This afternoon, I got together three of my coworkers and continued our lunchtime Dungeons & Dragons game. We continued playing through "The Lost Mines of Phandelver," the adventure that forms the backbone of the D&D Starter Set. This was our second session. The halfling thief from the last session couldn't make it, but the two warriors returned, and a new player, taking control as the dwarven cleric, joined us.
Progress has been, understandably, pretty slow these two sessions. An hour is not a whole lot of time to work with, and when you chop off minutes for getting food, using the bathroom, and various other sundry office work things before you're ready to sit and play, you've got even less than that. Then there's the issue of timing to consider. I don't want to stop the game right in the middle of a combat or an interesting situation and kill the tempo, so I pretty much need to end the game at the first slow moment we come across. We made it through two more encounters before I called it for this week.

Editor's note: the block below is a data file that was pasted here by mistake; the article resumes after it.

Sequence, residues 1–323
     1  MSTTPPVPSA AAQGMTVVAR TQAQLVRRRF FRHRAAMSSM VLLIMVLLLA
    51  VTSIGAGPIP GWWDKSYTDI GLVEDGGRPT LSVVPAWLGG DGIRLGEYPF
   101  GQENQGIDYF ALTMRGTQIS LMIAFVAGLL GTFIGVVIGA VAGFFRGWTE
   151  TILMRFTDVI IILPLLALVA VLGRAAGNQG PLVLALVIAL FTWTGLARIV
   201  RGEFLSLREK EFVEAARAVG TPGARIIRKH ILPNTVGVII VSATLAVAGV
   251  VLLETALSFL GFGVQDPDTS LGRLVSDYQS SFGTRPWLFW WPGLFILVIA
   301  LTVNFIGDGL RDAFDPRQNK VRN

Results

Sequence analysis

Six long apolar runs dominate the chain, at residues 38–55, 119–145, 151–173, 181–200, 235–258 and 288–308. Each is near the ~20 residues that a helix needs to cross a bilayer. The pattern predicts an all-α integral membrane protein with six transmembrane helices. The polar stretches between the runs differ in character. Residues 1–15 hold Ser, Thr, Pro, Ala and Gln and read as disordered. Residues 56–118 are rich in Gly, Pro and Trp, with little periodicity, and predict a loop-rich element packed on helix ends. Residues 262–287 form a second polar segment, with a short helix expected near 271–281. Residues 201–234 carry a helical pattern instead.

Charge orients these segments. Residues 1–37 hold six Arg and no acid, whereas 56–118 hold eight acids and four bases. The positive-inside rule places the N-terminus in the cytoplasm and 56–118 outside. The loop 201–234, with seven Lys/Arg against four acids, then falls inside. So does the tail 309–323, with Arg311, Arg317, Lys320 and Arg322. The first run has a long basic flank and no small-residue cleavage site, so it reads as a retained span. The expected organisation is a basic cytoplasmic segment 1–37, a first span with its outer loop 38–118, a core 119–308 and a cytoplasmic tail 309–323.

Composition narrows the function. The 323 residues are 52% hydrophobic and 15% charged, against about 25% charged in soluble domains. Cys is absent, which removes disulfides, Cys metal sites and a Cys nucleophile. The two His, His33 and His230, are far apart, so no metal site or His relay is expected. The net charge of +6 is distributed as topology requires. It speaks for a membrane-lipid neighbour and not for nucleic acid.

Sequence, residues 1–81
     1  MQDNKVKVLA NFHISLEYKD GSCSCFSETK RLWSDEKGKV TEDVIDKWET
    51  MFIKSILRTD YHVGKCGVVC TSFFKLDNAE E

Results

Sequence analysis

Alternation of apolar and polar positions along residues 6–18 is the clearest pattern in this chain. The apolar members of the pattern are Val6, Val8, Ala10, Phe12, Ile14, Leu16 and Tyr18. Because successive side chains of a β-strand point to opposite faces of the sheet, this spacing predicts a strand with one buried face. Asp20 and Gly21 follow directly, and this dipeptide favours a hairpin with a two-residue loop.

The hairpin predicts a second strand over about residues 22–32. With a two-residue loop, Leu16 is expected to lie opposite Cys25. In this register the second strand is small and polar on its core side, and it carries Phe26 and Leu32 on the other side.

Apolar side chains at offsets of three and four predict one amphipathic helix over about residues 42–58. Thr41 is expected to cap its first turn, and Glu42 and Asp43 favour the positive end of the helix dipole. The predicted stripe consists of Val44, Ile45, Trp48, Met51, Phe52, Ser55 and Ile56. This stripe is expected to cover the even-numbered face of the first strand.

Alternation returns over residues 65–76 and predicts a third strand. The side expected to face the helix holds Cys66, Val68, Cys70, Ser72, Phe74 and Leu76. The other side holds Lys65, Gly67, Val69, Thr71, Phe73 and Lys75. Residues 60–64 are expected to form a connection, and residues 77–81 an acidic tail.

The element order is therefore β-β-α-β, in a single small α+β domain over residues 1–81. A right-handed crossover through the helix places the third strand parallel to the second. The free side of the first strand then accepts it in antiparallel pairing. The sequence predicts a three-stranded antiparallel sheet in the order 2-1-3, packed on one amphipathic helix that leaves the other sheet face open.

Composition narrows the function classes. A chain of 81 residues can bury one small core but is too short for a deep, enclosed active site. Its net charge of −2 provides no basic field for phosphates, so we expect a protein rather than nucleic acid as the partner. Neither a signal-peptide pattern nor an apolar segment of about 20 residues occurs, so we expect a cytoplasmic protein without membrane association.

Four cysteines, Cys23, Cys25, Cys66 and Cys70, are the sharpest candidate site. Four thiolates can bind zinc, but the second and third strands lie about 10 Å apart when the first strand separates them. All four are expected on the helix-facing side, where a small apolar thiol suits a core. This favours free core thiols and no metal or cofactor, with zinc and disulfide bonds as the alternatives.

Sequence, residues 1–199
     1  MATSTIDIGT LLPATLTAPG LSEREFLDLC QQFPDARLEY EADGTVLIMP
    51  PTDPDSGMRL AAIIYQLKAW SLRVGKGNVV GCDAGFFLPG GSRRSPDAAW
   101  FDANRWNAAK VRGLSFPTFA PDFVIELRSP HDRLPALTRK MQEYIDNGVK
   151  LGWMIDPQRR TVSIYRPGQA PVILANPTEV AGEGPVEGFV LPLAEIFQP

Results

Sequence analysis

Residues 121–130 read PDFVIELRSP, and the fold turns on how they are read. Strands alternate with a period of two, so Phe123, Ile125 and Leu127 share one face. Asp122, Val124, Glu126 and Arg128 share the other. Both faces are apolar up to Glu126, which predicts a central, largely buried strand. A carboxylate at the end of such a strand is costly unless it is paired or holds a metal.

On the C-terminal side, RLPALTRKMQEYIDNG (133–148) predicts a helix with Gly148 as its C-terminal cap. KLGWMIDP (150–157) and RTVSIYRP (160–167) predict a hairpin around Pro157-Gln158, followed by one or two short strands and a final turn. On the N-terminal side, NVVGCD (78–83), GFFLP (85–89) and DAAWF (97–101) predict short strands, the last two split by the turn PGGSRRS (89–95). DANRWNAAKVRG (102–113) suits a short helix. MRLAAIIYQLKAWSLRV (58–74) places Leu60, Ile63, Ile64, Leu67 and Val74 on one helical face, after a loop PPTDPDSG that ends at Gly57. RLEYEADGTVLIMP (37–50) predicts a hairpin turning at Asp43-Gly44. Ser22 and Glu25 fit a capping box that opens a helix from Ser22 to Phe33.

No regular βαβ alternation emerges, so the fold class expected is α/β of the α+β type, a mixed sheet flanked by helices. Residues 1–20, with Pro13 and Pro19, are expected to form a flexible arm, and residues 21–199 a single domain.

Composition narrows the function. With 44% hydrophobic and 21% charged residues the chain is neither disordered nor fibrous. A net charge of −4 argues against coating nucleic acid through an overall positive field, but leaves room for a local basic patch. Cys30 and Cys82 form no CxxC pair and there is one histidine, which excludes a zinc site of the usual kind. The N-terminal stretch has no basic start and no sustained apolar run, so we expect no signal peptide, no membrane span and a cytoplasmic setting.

Luckily, the competition for these coworkers' time is not much of an issue. Most of these guys would just sit at their desks and look up shit on the internet anyway, so I've got a pretty low bar to meet each week. The bigger problem for me is my own boredom level. "The Lost Mines of Phandelver," much like many other RPG starter sets out there, can be pretty boring for veteran players to play through (or run, in my case). The early parts of this adventure are basically one fight after another. The new rules play fast and smooth, so this isn't quite as horrific as it sounds, but it still devolves into several rounds of "I swing my sword at the goblin," followed by the clatter of a 20-sided across the conference room table.
I beef it up where I can, of course, but as we push through the adventure, I've begun to think about my own diversions from the Starter Set into more interesting territory. Once I get the Dungeon Master's Guide next week, I look forward to mining it for ideas and stringing together a starter adventure of my own to unleash on a group of gamers when I return to regular GMing next month.
That is, of course, assuming I even stick with D&D. I've been thinking a lot about the great game of Star Wars: Edge of the Empire I ran a couple of weeks ago, and how much I'd love to go back to that...